What is a Clinical Research Associate?
Of the many different people and roles needed to execute a clinical trial successfully, the Clinical Research Associate, or CRA, is at the core.
The Association of Clinical Research Professionals (ACRP) defines a CRA as someone who, “supervises, monitors, and supports the administration and progress of a clinical trial on behalf of a sponsor”. The role of a CRA is often associated with monitoring a clinical trial during enrollment, but may also include supporting protocol development, or qualifying, initiating, training, managing, and closing investigational sites.
One model for using CRAs to execute a clinical study is for a sponsor or clinical research organization (CRO) to split CRA responsibilities between several groups of CRAs. For example, a sponsor may employ in-house CRAs, who are responsible for coordinating with site personnel, maintaining the sponsor Trial Master File, and for working with teams from CROs or Data Management Organizations (DMOs). Under this model, a separate team of CRAs may train site personnel on the study protocol and investigational product (i.e., pharmaceutical or device). Sometimes these CRAs are called Clinical Specialists or Study Proctors. Another team of CRAs may be responsible for source data verification, or monitoring, which is required by Good Clinical Practice (GCP) to verify that study participants’ rights and well-being are protected, the data are accurate and complete, and that the trial has been conducted in compliance with the protocol and applicable regulations. GCP allows the sponsor to assign any or all of these components of study operations to a CRO, but requires the sponsor to maintain ultimate responsibility for the integrity of the trial. Another CRA model, particularly of use when contracting with a CRO, is to enlist members of the CRA team with expertise in all facets of clinical trial operations. These experienced CRAs will often have the title of Senior CRA.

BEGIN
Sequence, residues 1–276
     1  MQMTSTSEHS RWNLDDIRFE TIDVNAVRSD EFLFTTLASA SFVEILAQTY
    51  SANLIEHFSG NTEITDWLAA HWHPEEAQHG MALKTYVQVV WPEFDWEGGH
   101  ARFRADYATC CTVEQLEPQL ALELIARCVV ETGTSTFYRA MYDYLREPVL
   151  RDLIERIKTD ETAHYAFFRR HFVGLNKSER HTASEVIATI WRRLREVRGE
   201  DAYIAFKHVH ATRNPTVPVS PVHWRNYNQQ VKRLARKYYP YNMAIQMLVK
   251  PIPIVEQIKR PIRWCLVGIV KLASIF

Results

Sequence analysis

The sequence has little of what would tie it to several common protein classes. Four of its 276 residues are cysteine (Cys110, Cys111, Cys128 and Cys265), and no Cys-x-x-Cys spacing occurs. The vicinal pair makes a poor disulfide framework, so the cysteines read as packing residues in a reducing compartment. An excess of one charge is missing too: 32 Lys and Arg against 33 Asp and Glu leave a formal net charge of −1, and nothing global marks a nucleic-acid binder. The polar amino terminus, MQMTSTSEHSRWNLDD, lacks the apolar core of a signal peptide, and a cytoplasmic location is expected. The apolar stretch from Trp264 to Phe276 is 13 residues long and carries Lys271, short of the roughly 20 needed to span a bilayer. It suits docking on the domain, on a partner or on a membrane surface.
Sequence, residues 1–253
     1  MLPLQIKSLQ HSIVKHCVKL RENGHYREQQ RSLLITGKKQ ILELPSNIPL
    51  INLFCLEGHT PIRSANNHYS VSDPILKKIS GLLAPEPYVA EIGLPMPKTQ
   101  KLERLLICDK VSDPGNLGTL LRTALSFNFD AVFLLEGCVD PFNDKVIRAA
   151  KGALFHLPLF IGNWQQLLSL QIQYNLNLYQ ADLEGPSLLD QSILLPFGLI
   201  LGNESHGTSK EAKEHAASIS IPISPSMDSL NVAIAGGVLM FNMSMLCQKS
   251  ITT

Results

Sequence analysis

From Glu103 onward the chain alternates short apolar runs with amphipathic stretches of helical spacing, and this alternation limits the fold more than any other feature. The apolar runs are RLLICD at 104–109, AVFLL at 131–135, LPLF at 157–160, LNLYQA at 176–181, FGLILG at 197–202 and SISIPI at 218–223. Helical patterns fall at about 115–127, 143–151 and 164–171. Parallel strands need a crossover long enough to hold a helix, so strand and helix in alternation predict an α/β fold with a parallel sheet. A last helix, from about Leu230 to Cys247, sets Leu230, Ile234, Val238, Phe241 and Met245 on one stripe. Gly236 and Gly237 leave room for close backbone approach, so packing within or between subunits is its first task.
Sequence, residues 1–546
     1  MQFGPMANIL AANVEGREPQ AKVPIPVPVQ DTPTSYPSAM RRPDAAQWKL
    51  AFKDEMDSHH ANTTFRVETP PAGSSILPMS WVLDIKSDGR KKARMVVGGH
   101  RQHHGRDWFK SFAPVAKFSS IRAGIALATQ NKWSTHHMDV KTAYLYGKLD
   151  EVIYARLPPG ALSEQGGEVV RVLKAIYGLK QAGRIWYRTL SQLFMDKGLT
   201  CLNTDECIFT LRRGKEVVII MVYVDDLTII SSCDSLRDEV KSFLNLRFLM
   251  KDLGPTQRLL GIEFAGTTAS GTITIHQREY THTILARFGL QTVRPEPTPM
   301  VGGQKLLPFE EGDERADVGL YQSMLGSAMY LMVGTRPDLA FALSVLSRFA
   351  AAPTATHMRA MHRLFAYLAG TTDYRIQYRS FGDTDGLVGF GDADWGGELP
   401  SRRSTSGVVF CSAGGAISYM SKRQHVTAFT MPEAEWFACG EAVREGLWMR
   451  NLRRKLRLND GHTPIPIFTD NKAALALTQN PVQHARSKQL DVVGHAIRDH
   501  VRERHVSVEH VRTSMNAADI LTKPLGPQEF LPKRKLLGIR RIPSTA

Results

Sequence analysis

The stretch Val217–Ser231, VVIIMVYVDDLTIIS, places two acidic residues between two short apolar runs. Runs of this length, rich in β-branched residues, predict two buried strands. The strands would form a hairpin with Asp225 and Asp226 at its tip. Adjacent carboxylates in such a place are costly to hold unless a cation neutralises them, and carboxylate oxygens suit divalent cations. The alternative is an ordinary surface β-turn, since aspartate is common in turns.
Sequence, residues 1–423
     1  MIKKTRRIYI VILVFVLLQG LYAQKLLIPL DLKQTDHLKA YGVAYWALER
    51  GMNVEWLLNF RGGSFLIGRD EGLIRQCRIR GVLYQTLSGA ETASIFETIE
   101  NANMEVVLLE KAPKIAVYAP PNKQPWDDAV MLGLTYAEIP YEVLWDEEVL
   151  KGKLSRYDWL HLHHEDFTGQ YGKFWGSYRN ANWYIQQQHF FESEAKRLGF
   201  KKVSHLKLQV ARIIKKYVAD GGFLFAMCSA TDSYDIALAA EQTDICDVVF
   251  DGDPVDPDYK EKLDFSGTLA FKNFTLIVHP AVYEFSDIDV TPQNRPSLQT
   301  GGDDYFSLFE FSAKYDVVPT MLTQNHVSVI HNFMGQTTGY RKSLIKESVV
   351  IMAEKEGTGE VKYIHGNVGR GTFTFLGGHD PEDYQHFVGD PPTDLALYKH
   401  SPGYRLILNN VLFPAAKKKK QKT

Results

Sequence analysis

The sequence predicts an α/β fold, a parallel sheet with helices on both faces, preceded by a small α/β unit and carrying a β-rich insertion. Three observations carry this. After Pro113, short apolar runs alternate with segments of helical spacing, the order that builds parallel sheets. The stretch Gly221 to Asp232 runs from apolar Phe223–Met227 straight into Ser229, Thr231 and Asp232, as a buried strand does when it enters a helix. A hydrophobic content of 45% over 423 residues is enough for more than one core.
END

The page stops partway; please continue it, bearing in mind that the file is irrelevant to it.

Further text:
The Senior CRA Advantage
A Senior CRA has extensive experience in executing clinical trials and will often take on higher levels of responsibility. He or she may be intimately involved in the creation of regulatory strategy, development of the study protocol, timeline, and/or budgets. A Senior CRA may also develop other study support materials, such as data collection tools, training tools, monitoring plans, and other study plans. For example, the Senior CRA may work closely with the study statistician to develop the statistical analysis plan. Additionally, a Senior CRA may be responsible for clinical project management and will oversee various aspects of the project, such as timelines, budgets, other CRAs, and key external vendors like CROs, DMOs, or Clinical Events Committees, a type of physician oversight board.
In order to be successful in managing higher levels of responsibility in clinical trials, and to become a Senior CRA, an individual is often required to have at least five years of work experience as a CRA, sometimes in a targeted therapeutic area, like diabetes care or coronary stents, and to be able to work independently. Many Senior CRAs have specialized clinical experience as a cardiac nurse or radiology technician, for example, so they are well equipped to train physicians on new drugs or devices. Increasingly, Senior CRAs have demonstrated their expertise via certification from an accredited program like the Society of Clinical Research Associates or the Association of Clinical Research Professionals.
The range of experience of a Senior CRA may vary, however, so it is important to evaluate each potential member of the CRA team to ensure that he or she has the skills necessary to make a given clinical study operate efficiently. The more a CRA team’s skillset can be tailored to a given study and the more senior the members, the more likely the trial will be completed on time, with accuracy and integrity. To learn more about HCC’s Senior CRA’s, click below: